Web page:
The ability of nucleic acid hybridization probes to discriminate between or among alleles is temperature-dependent; that is, if a probe discriminates against a sequence differing from target by one nucleotide at 70° C., it probably will bind to mismatched targets at 40° C. and not discriminate at such a lowered temperature.
We analyzed the allele-discriminating capability of probes as part of the probe design and assay design. Hybridization profiles were determined for molecular beacons probes against eight DNA oligonucleotide templates representing the wild-type CaFKS1 and different CaFKS1 alleles bearing caspofungin resistance mutations at positions 1933 and 1934, as well as the SNP at position 1929 (FIG. 4). The oligonucleotides described as "target" in FIG. 4 were used for melt-curve analysis of the probes. In the several target sequences, the underlined portions are complementary to one probe, as indicated, additional terminal repetitive adenosines were added to reduce secondary structure formation during melt-curve analysis. First, the hybridization of each of molecular beacon probe was assessed with two DNA targets complimentary to the probe domain sequence, which varied in the nucleotide base counterpart to the SNP at the position 1929. Each degenerate molecular beacon probe formed two types of intermolecular hybrids with such DNA targets. Stable hybrids were formed by the target oligonucleotide and a subpopulation of molecular beacon with complimentary sequence. Another subpopulation of molecular beacon probes having a single mismatched nucleotide at position 1929 formed less stable hybrid with same DNA target. As a consequence, the melting curves for the mixed probes represented as first derivative of the fluorescence output (-R'(T)) showed two distinct peaks corresponding to Tms for more stable and less stable molecular beacon-target hybrids. Next we investigated the hybridization of each of molecular beacons with non-complementary DNA oligonucleotides (FIG. 4). Whereas such mismatched hybrids were generally less stable than complement, the degeneracy of molecular beacons produced the same trend for the two hybrid subpopulations. More stable intermolecular hybrids were formed by the target oligonucleotide and beacon subpopulation with single mismatch, whereas less stable hybrids comprised oligonucleotide and beacon subpopulation with double mismatches. Out of two Tm values obtained for each of eight pairs of degenerated molecular beacons and target oligonucleotides only higher Tm value corresponding to more stable beacon-target hybrid with one or no mismatches was taken into account. The Tm values for CaFKS1 molecular beacons and their complementary DNA targets were quite close to each other and fall down to the temperature range 62.7-64.0° C. The corresponding windows of discrimination occupy the similar thermal diapason as well. Such uniformity was achieved by varying the length of the probe domain sequence for individual beacons. Molecular beacon CaFKS1-WT, CaFKS1-T1933C, CaFKS1-C1934A and CaFKS1-C1934T had probe domains of 24, 23, 25 and 25 nucleotides long correspondingly.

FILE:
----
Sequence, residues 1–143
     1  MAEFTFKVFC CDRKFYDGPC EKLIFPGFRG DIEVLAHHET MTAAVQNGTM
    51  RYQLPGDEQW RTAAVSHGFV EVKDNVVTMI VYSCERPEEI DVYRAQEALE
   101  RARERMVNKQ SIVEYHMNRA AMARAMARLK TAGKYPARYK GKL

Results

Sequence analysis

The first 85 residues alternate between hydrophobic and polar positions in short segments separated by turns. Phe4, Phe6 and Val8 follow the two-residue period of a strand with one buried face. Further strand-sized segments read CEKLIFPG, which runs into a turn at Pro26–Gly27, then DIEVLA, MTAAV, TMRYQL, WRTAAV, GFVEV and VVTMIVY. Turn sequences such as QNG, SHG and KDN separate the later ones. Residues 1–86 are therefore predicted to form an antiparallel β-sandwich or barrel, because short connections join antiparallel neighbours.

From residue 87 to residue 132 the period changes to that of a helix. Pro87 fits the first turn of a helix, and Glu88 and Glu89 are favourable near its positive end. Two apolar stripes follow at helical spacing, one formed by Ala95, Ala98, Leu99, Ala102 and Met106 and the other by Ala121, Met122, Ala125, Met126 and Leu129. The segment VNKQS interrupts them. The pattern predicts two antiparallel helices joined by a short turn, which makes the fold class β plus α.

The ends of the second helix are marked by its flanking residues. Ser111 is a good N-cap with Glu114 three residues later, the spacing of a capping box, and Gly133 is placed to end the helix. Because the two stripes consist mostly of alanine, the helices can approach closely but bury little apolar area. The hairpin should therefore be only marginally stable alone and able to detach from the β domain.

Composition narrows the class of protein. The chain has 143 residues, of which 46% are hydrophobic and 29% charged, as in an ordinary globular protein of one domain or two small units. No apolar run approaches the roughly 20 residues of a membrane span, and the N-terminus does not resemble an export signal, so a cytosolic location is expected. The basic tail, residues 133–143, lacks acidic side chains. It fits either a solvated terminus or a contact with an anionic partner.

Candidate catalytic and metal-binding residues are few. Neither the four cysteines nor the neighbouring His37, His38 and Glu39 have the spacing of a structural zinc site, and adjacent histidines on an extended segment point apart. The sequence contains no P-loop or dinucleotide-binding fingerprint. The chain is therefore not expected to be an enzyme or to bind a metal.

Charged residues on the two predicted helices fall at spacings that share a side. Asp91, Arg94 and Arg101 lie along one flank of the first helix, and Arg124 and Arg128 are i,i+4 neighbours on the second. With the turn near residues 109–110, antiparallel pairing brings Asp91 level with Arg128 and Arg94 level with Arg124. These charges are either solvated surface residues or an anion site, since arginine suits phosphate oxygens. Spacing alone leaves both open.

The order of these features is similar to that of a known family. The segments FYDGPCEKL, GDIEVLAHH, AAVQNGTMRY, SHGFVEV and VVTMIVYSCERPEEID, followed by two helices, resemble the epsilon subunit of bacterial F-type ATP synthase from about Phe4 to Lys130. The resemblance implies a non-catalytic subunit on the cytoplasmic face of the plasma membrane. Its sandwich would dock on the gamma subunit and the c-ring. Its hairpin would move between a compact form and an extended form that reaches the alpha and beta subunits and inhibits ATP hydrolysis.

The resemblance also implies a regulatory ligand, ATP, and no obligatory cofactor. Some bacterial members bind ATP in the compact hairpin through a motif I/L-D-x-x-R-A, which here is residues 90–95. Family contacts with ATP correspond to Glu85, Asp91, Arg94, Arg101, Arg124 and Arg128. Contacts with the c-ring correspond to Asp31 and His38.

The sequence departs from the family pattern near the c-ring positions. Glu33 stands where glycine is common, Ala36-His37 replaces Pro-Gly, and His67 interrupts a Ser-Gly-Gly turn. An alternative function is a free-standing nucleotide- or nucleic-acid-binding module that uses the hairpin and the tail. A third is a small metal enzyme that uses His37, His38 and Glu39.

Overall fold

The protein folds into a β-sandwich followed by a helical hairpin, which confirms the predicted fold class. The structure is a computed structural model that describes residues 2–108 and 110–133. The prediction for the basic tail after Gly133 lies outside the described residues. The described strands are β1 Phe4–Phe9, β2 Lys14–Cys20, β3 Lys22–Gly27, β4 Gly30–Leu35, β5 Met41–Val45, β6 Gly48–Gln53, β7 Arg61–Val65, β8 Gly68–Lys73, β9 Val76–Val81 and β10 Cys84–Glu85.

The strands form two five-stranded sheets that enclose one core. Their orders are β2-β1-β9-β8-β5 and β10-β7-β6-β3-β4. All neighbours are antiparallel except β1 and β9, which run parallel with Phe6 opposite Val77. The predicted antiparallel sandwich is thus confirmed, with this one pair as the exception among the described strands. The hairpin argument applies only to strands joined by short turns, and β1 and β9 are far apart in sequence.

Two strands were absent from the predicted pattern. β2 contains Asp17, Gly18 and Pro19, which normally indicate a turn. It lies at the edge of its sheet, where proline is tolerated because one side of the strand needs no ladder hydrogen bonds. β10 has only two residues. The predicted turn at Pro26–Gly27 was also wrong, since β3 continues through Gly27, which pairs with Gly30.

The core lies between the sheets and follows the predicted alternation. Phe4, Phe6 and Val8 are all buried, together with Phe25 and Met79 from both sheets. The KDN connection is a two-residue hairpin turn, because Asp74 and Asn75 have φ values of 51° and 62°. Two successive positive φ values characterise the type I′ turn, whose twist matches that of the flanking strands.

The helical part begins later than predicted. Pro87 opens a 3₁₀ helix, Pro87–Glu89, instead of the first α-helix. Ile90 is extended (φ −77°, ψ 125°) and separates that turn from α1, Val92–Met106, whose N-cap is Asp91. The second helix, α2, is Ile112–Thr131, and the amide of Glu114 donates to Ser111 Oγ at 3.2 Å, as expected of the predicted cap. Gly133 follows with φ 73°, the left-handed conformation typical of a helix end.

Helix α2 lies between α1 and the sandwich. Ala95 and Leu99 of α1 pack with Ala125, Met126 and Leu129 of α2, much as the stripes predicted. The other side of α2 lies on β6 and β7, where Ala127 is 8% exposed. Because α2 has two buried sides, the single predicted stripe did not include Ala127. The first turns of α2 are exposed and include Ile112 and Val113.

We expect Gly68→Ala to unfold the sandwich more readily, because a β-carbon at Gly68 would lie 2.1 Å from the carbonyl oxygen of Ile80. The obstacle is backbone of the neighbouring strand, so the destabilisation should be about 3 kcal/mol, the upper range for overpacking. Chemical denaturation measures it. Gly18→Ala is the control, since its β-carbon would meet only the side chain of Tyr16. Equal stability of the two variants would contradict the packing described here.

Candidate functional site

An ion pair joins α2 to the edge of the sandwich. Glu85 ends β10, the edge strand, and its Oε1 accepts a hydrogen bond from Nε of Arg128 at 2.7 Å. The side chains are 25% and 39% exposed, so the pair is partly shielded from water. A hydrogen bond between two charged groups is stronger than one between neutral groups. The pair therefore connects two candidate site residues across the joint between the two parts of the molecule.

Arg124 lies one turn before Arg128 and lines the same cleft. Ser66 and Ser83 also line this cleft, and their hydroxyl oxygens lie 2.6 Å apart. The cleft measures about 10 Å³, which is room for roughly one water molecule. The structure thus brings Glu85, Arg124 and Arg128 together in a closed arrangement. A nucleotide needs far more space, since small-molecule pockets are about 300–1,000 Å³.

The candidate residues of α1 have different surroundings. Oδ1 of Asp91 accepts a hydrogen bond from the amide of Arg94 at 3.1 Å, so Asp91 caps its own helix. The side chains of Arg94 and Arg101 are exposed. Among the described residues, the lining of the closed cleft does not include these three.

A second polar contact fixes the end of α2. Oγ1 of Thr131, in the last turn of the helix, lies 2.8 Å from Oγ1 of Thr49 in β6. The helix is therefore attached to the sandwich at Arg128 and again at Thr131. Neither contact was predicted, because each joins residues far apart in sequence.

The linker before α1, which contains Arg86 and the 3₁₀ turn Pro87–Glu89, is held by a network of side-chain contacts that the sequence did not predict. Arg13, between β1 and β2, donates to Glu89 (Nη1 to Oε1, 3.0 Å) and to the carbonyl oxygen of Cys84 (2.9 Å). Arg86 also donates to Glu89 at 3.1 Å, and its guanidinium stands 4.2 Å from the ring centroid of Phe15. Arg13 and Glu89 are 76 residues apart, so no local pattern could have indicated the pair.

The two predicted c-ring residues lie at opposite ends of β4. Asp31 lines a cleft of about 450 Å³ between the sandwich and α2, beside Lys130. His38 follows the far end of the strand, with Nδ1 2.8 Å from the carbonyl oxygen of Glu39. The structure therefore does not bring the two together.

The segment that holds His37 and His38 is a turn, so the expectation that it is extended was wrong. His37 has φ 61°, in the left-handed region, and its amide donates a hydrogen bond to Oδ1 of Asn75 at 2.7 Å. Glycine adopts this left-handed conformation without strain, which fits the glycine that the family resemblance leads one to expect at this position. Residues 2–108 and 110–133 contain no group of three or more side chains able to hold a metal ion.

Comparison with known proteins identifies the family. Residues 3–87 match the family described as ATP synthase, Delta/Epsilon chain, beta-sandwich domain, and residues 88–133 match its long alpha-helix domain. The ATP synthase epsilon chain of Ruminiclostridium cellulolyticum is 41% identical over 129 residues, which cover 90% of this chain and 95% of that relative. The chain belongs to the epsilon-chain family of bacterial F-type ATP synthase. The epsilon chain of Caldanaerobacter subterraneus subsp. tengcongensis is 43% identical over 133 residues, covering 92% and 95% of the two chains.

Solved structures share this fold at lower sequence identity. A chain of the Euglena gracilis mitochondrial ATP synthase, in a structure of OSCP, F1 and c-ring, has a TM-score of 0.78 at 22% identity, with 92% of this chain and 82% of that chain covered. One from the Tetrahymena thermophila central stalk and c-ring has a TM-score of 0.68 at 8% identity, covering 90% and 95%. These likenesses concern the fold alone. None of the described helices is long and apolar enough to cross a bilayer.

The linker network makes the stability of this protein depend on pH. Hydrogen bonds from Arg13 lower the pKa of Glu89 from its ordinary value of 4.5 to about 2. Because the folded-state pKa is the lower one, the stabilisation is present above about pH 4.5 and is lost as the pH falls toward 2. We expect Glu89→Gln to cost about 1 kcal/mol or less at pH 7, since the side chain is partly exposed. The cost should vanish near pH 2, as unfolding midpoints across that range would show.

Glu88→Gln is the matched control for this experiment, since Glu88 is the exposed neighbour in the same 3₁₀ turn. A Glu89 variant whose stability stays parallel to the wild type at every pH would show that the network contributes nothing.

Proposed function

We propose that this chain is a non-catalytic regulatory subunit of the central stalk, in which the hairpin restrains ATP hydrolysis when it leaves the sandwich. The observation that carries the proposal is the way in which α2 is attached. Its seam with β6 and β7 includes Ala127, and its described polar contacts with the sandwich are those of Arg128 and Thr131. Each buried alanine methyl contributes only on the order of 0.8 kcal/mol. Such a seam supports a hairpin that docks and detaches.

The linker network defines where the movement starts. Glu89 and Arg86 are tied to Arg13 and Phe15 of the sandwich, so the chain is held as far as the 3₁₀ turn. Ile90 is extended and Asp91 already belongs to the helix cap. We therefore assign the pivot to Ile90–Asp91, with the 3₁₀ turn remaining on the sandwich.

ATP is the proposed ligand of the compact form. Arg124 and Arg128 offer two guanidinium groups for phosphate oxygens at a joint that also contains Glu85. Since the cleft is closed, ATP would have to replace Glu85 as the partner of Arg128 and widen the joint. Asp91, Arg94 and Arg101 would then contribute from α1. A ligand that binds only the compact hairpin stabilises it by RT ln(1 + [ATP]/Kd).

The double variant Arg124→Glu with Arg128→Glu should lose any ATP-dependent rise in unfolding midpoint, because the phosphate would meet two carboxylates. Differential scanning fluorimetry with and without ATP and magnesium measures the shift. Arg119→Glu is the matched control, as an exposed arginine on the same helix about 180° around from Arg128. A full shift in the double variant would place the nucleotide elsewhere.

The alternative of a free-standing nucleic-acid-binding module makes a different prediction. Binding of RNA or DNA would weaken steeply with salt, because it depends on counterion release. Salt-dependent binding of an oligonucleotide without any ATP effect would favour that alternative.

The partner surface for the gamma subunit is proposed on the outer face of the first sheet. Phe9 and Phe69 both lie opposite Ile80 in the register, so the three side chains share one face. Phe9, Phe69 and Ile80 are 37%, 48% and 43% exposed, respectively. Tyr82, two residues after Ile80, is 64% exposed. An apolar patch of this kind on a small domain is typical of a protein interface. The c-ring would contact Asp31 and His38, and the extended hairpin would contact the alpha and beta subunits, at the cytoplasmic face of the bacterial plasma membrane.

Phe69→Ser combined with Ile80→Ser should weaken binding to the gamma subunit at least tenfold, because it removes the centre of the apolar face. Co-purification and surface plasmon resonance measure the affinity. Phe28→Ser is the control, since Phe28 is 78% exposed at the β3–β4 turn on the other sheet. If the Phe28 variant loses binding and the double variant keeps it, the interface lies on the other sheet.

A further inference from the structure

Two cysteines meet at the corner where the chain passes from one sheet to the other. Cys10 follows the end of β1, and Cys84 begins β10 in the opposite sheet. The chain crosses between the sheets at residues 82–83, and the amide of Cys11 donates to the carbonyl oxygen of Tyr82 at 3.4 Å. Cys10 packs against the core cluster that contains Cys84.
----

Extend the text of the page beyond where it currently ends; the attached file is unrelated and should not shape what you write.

A real-time amplification assay was demonstrated for the primers and probes described in FIG. 4. The assay included DNA amplification by the polymerase chain reaction (PCR) with real-time detection utilizing molecular beacon probes.
For assays employing each single probe (FIG. 4), the procedure was as follows. Real-time PCR experiments were performed on a Stratagene Mx4000 Multiplex Quantitative PCR System using the "Quantitative PCR (Multiple Standards)" setting. Reagents from Brilliant® QPCR Core Reagent kit (Stratagene, La Jolla, Calif.) were used for all reactions. Each 50-μ1 PCR reaction contained 1× Stratagene Core PCR buffer, 0.2 μM of molecular beacon, 0.25 μM of each of the HS1AN2 and HS1SN2 primers (FIG. 4), 2.5 U of SureStart® Taq DNA polymerase (Stratagene, La Jolla, Calif.), 0.4 mM dNTPs, 4 mM MgCl2 and about 50 ng of C. albicans chromosomal DNA. In multiplex PCR experiments, the concentration of each of the four molecular beacons (FIG. 4) was 0.2 μM. Real-time PCR thermal cycler parameters were: 1 cycle of 10 min at 95° C., 45 cycles of 30 s at 95° C., 30 s at 61° C. and 30 s at 72° C. An annealing temperature of 60° C. was used when PCR experiments were performed in multiplex format. The filter gain set of the Mx4000 System was changed to FAM-960 HEX-720 with an aim of equalization of the fluorescence signal magnitudes from different molecular beacons. The fluorescence was measured 3 times during the annealing step.
Fluorescence signals coming from Stratagene Mx4000 System during PCR amplification were monitored using Mx4000 software in real time. At the end of each run, the amplification plots data were converted to graphic format and stored as image files or exported into Microsoft Office Excel and stored as spreadsheet files. In the case of multiplex PCR reactions, the final results of PCR amplifications were converted from a "Quantitative PCR (Multiple Standards)" type of experiment to the "Quantitative Plate Read" type of experiment. Total changes in fluorescence for individual fluorophores (Rpost-Rpre) were taken as values for analysis. Results were converted to graphic or numerical format and stored as image or spreadsheet files.
For multiplex assays we utilized PCR amplification as described above, except that the annealing temperature of the thermal cycles was 60° C. rather than 61° C. Multiple probes were utilized in the same reaction.